“Sigmund Freud’s views on child dreams have been challenged by Munich psychologist, Franz Strunz:
Sigmund Freud claimed that children’s dreams revealed the pleasure-oriented nature of nocturnal figments of an imagination, which was not hampered by the suppression and repression of the adult emotional make-up, and which aimed at making secret wishes come true.”
Obviously, dreams are very private. Nobody can enter your dreams, and nobody can know what you are dreaming. The child has absolute freedom, but he is not free when he is awake – naturally he compensates. Whatever has been denied in his waking life, he fulfills those wishes in his dream. And because he cannot make the distinction that the dream is just a dream and the reality is a totally different matter, he is completely happy. He can tolerate this society and this repressive culture, and these unnatural demands made by religions, their God, their priests, just because he has a freedom at least when he is asleep.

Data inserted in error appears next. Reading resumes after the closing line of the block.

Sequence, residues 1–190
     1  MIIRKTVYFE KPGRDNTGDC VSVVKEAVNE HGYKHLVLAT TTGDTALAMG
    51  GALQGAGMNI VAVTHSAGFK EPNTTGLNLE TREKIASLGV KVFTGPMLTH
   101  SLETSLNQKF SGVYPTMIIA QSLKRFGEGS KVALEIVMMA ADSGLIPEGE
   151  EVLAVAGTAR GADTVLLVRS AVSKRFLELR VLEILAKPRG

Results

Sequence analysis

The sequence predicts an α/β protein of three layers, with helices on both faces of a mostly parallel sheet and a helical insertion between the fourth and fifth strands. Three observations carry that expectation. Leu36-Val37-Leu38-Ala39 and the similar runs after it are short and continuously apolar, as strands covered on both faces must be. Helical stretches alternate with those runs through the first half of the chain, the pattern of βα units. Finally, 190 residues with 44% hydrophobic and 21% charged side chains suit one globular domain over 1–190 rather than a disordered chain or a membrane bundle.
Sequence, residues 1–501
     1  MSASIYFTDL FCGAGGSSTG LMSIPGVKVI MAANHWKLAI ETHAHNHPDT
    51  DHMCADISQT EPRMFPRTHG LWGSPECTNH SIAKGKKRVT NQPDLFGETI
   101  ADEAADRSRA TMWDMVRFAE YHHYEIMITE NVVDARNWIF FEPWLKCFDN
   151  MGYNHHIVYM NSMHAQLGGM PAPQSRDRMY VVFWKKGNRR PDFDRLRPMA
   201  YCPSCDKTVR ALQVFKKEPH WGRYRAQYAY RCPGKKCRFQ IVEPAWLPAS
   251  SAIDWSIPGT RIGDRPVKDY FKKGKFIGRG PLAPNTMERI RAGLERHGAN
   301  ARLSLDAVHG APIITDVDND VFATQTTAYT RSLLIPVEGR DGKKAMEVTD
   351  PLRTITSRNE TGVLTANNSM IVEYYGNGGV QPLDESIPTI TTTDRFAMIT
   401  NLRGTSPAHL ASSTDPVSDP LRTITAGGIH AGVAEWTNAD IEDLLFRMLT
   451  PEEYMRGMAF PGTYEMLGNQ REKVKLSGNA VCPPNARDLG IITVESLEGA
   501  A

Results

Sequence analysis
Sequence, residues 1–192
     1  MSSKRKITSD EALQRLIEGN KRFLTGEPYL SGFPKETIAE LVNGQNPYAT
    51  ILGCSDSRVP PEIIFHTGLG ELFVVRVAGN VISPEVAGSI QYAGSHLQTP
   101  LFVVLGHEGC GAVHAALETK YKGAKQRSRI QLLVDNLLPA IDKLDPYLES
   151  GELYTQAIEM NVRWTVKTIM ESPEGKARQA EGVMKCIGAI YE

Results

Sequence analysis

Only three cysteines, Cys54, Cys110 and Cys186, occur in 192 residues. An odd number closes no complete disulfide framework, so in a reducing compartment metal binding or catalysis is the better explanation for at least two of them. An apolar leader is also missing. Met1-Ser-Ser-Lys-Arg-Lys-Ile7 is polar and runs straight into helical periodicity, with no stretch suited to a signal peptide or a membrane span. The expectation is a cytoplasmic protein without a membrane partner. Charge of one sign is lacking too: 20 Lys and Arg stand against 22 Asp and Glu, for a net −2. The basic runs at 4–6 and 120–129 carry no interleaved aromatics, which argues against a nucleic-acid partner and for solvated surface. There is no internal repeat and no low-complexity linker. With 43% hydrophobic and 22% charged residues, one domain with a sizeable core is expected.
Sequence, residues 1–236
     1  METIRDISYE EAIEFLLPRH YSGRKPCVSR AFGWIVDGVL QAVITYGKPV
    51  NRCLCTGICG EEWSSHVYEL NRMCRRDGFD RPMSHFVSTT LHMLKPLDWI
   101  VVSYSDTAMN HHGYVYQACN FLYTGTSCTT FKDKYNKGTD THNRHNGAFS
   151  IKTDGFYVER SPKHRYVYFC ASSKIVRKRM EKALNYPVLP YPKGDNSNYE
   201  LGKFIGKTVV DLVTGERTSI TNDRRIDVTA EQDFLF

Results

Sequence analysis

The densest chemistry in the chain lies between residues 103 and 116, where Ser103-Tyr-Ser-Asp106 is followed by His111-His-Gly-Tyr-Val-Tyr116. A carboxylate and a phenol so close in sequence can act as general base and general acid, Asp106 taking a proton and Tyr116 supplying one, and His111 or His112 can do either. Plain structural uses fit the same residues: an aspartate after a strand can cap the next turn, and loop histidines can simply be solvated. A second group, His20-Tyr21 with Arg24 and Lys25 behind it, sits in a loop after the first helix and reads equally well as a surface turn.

This has been challenged by this Munich psychologist:
“Strunz’s research showed that children’s nocturnal fantasies are mainly accompanied by stifling feelings of uneasiness and upset, and that all kinds of threat animals, thieves, robbers, murderers, catastrophes, death and frightening strangers greatly disturb sleeping children.
“Most children,” he said, “are paralyzed with fear by the dangers they dream about.”
I absolutely disagree with this Munich psychologist. In a hurry to criticize Sigmund Freud, he has forgotten that Sigmund Freud was surveying the dreams of totally different children. A great thing has happened in between that he has not taken note of: that is television.
It is television that has changed children’s dreams – what God could not do, what the priest could not do, what the parents could not do. They used alphabetical language, logic, which the child was not yet capable of understanding. The child lives in a primitive way. Pictures he can understand; his language is pictorial. His dreams are very vivid, very colorful and very alive.
Television has created a great impact on children, on their behavior, on their dreams, because dreams and television look alike. Now the child cannot tell the difference between television and dreams. And on the television he sees all these things that this Munich psychologist is trying to use as a criticism of Sigmund Freud’s fundamental hypothesis:
“…stifling feelings of uneasiness and upset, and all kinds of threat animals, thieves, robbers, murderers, catastrophes, death and frightening strangers greatly disturb sleeping children.”